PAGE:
Saturday, 21 December 2013

Review: The Legend of Zelda: A Link Between Worlds (3DS)

The Zelda franchise may not sell as well as Mario games do, but that's partly because the games are directed at a more hardcore audience. Where Mario is accessible and enjoyable to all ages, Zelda games are more intense (and arguably more violent) and require a different kind of attention. With the Legend of Zelda: A Link Between Worlds, Nintendo is trying to attract a more well-rounded audience that skews to a younger crowd on the 3DS. In doing so, they have made a game that appeals to those familiar with the franchise and those just stepping in for the first time.
A sequel to 1992s "The Legend of Zelda: A Link to the Past", A Link Between Worlds presents a familiar world and yet introduces many new elements into the gameplay including 3D via the top screen of the 3DS. In various interviews, the creators have indicated that the game is certainly playable in 2D but many puzzles and elements are more easily dealt with when a true 3D perspective is used.

Having played the first game is not a prerequisite (which is also true of all other Zelda games) because the overall story carries many similar themes throughout the versions. Your character, Link, is the chosen one who must save the world from imminent danger. Princess Zelda must be saved somehow, and there are many dungeons for you to explore. Conquering each one results in an increased health meter and the acquisition of something that helps propel the story forward. Usually progressing through each dungeon results in you acquiring an item that must be used to defeat the boss at the end. Later bosses sometimes require the use of multiple items.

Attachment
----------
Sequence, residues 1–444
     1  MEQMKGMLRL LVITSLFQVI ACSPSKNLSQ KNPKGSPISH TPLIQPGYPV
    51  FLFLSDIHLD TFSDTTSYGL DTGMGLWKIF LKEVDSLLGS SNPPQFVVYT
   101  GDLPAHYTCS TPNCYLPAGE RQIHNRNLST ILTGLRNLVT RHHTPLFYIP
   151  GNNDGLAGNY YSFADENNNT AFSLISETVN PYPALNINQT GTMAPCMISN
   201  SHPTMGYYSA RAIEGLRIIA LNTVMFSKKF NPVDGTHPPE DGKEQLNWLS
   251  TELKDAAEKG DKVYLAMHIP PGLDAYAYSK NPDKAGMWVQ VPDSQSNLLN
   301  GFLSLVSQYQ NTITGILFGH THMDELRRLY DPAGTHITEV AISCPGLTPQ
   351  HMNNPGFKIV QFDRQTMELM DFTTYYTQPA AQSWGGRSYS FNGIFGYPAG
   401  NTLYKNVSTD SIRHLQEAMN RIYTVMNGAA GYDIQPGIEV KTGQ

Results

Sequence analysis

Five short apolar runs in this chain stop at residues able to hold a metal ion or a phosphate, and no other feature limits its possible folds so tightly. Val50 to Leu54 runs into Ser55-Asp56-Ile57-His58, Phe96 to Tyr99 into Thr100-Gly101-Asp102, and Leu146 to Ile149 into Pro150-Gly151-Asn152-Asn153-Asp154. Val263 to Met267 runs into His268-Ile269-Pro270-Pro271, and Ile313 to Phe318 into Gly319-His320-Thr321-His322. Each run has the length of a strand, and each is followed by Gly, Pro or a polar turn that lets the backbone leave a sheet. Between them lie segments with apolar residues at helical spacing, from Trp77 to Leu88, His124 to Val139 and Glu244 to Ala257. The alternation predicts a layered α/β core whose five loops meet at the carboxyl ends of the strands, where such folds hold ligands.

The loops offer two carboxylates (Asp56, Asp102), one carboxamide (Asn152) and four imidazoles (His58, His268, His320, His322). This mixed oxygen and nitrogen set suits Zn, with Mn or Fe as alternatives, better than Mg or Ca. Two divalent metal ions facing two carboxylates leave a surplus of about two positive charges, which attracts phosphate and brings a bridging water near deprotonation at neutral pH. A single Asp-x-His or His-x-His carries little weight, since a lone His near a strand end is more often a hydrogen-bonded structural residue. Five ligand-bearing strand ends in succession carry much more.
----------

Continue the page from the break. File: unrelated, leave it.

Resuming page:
This is where A Link Between Worlds begins to differ from its predecessors. Ravio is a merchant that ends up setting up his shop at your home in the game, and allows you buy or rent virtually any item you might need in the game. Instead of having to work to acquire it, you simply rent it (at a lower cost) or purchase it (at a higher cost) and there you have it. The downside is that if you rent and die part way through the game (which you likely will), all rented items are returned to Ravio and you must rent them again. Purchased items, however, are yours for good but you can't even buy items until later in the storyline.

A downside to not acquiring an item in the dungeon where you might need it is that you might not know what to equip yourself with going in. Fortunately, the game helps out by leaving visual clues and sometimes even barriers to getting into areas that prevent you from going too far without being properly equipped. For example, some entrance ways might have larger wood stump areas you can walk or jump over. The hammer, however, will pound them into the ground. Once you realize this, you are good to go.

Another major new gameplay element that is evident by the marketing materials of the game is the ability to turn link into a 2D painting and merge with walls. By doing so, he can reach areas that were previously inaccessible and like most Zelda games this element is cleverly woven into the entire experience. There are spots where it's tricky and the timing is tight to get out of tough spots, but you'll appreciate this element as time goes on and wonder why they didn't have anything like it before.

The music, as usual, is amazing and you will hear a mixture of tunes you will remember and ones you likely have not. I recommend playing with headphones so you can truly experience the sound fidelity. It's also quite interesting to be playing the game normally, then turn into a painting and have the sound muted as you are flattened into a pancake. It's quite effective.

There are optional side quests and missions for you to perform should you choose to, and why wouldn't you? Having to finish this game is truly one of its weak points as it seems like it's over more quickly than you would like. Overall, this world is one you are not going to want to miss and I highly recommend it.

- Syd Bolton

The Good:
- A worthy sequel to one of the best video games of all time
- New gameplay elements work well and old elements feel refreshed and well executed
- A true Zelda experience in handheld form

The Bad:
- A little on the short side compared to other Zelda adventures
- Hardcore fans might think the rental / purchase system makes the game too easy

Score: 10 / 10

Syd Bolton surrounds himself in thousands of classic video games as Canada's top video game collector at the Personal Computer Museum ( in Brantford, Ontario, Canada.